Seasonal tourist demand is met in Malaga
The ancient port of Malaga has been a favourite wintering place for travellers since the 19th century. In the 1960s, the nar-row strip of coast to its east and west was claimed by the nascent European tourist industry as the 'Costa del Sol' and the boom began.
Today, although agriculture is still
important, service industries -tourism
especially – predominate. In
2000, they accounted for approxi-mately
70% of the region’s GNP,
compared with 8% for agriculture
and fishing. With a population of
over 1 million, Malaga is the sixth
largest city in Spain, but during the
high tourist season this can swell by
an additional 500,000, with a major
stress on the local infrastructure.
The plan was to take water from
the new Casasola dam, which has a
high water level 145 metres above
mean sea level, and transport the
water through a 9.5 km pipeline in a
seasonally dry river bed to the
Guadalhorce river. The water is then
discharged into the main channel of
the Guadalhorce where it flows to
the two main water treatment plants,
Atabal and Pilones.
As the water quality of the
Campanillas River is superior to that
of the saline Guadalhorce, an added
benefit is the improved water quality
in the Guadalhorce downstream.
Construction and service group,
OHL was contracted to carry out the
works and had the option of select-ing
the type of pipe used to develop
the project. After considering all per-formance
and installation require-ments
for the project, OHL selected
GRP pipe supplied by
Flowtite Iberica of Camarles, Spain.
The project required over 9.5 kms
of DN1300. Although the maximum
service pressure (static head) in the
DN1300 transmission line would be
8 bars, a pipe with a pressure rating
of 10 bars was selected. The 1300 mm
dia pipeline was designed to trans-port
/sec of water.
The major part of the project
required the installation of 8,897
metres of DN1300 pipe in a dry river
bed trench which provided the ideal
right-of-way for this gravity flow
pipeline. The GRP pipe was installed
with 2-3.5 metres of cover after
backfilling to final grade. The exca-
vated soil – a coarse granular mater-ial
– made for an excellent pipe zone
backfill material. A pipe with a spe-cific
stiffness (EI/D3) of 2500 N/m² was used throughout the installa-tion.
Vertical pipe deflections,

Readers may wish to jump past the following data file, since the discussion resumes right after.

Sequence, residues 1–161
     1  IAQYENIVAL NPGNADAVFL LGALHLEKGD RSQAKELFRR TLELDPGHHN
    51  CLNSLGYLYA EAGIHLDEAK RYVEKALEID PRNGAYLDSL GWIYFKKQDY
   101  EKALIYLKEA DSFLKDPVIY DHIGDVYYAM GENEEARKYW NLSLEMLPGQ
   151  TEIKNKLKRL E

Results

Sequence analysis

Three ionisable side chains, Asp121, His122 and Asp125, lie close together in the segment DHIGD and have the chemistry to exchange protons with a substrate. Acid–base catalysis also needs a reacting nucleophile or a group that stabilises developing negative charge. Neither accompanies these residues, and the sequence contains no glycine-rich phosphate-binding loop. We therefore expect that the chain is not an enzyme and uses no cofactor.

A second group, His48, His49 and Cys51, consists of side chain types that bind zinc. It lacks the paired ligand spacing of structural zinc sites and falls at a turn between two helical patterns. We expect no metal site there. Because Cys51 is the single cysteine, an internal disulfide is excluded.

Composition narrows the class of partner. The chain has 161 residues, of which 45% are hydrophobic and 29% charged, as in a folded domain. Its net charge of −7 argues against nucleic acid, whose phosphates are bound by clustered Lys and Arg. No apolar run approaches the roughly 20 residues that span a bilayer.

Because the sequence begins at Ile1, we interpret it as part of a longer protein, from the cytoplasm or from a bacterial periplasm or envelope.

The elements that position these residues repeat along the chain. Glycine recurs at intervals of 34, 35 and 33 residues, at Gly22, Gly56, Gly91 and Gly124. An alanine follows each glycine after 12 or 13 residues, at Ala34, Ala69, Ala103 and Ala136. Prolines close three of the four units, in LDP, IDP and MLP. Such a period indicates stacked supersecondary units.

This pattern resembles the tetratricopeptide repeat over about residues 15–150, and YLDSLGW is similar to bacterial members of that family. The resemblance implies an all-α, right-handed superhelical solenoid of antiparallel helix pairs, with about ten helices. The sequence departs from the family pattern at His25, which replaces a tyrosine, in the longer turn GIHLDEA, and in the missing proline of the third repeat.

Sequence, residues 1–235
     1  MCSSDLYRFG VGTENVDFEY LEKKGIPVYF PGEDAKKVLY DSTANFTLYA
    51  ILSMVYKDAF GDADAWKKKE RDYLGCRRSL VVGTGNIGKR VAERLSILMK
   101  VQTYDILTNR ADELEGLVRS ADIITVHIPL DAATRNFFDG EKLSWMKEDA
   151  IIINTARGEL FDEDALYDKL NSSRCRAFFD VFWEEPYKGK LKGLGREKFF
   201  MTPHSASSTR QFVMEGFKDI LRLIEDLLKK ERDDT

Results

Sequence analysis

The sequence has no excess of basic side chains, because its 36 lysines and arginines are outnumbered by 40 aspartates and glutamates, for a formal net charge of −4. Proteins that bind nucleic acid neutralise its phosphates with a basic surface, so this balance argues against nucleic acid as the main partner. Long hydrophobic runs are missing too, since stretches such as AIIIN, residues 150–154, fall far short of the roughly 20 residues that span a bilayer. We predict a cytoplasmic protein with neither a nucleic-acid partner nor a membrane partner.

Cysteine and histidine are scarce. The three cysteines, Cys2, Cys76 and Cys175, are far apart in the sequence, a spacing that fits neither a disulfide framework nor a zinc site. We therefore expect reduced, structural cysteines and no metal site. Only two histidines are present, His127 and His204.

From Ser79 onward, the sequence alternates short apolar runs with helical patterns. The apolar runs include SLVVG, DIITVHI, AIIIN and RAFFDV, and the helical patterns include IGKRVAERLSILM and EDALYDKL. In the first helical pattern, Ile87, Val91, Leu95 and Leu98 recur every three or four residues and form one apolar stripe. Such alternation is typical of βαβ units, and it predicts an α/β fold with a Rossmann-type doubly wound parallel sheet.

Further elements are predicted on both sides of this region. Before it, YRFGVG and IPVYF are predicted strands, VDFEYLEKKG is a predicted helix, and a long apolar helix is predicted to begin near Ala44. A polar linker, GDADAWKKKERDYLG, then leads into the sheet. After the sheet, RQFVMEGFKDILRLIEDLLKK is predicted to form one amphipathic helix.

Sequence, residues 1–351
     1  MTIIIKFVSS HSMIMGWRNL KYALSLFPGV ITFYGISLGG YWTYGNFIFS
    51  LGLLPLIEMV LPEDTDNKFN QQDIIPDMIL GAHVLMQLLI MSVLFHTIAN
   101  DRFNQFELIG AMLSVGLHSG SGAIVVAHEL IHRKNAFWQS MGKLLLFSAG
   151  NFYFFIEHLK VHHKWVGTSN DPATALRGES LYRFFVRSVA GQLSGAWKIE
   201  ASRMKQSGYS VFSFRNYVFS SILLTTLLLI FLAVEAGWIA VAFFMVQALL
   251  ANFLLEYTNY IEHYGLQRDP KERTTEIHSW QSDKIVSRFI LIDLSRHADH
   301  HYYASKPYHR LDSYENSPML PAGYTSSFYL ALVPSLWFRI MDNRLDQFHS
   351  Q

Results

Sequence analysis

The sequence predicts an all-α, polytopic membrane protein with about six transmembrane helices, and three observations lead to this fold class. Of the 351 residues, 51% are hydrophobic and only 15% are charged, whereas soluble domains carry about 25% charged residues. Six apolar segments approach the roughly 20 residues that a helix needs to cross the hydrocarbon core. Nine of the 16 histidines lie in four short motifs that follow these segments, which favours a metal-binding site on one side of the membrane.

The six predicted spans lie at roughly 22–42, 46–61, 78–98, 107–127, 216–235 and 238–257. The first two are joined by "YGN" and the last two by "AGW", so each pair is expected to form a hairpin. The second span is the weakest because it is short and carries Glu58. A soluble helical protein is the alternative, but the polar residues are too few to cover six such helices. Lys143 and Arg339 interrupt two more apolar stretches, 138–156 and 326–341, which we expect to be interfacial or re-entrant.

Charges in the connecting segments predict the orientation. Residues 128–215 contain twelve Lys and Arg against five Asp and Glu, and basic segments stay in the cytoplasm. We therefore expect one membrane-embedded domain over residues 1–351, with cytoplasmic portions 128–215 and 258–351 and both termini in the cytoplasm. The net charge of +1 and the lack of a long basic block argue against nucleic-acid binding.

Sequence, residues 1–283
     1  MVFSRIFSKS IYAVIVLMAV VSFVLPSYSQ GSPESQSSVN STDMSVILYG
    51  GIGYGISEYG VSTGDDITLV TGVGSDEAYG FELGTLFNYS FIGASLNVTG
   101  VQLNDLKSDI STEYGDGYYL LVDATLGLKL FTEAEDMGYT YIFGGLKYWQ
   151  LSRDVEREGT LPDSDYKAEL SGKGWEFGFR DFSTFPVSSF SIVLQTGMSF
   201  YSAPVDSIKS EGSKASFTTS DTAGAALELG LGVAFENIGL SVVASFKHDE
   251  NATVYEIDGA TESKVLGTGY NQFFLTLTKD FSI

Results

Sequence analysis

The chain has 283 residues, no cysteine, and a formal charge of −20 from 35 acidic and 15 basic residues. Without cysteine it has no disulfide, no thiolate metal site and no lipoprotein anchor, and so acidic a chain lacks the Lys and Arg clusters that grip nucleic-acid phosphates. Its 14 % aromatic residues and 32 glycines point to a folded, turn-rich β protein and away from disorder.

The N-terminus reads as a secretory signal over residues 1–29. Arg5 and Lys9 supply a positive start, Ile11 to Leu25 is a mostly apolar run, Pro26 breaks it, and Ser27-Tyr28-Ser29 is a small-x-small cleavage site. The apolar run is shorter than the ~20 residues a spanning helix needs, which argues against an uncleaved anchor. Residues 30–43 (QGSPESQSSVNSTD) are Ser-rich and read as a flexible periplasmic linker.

measured after final backfilling,
confirmed the appropriateness of the
SN2500 product selection. Pipe
deflections did not exceed 1.5%,
with an average around 1%.
Compacted bedding of 250mm
was placed along the trench bottom.
Pipe with 12 metre laying lengths
was used. Small over-excavations
were made every 12 metres at the
joint so the pipe had uniform sup-port.
After joint assembly, the pipe
zone backfill was placed on each side
of the pipe in 300mm lifts and com-pacted
to 90% standard Proctor den-sity.
This was continued until the
backfill reached a level of 300mm
over the pipe crown. The remaining
native soil was returned to the trench
with no further compaction.
The project specifications called
for the pipeline to be field
hydrotested to 140% of the maxi-mum
service pressure. Prior to ship-ment
to the site, Flowtite Iberica
hydrotested each 12 metre length of
pipe, and separately each coupling,
to 20 bars of pressure, or 200% of the
rated pressure class. OHL then tested
the installed pipe to 11 bars for 30
minutes with no reduction in line
pressure. In addition to this field test,
a leak tightness test was also per-formed
by OHL. A small head of
water was placed on the upstream
end of the 9.5 km lone pipeline and
the amount of water required to
maintain this same elevation in the
reservoir was measured over a 24-
hour period. The addition of only
300 litres of water was needed,
indicating the good tightness of the
overall system, which included
fittings and valves.
Concrete thrust blocks were used
at changes in direction, restraining
the movement of fittings. To accom-modate
settlement between a concrete block
and the flexible pipeline, rocker
pipes were used immediately adja-cent
to each thrust block. The close
proximity of the coupling joint to
the concrete interface will accommo-date
more translation and rotation
than the pipe alone.
In addition to the supply of pipe,
Flowtite Iberica also undertook to
fabricate and supply all the necessary
fittings required by OHL to build the
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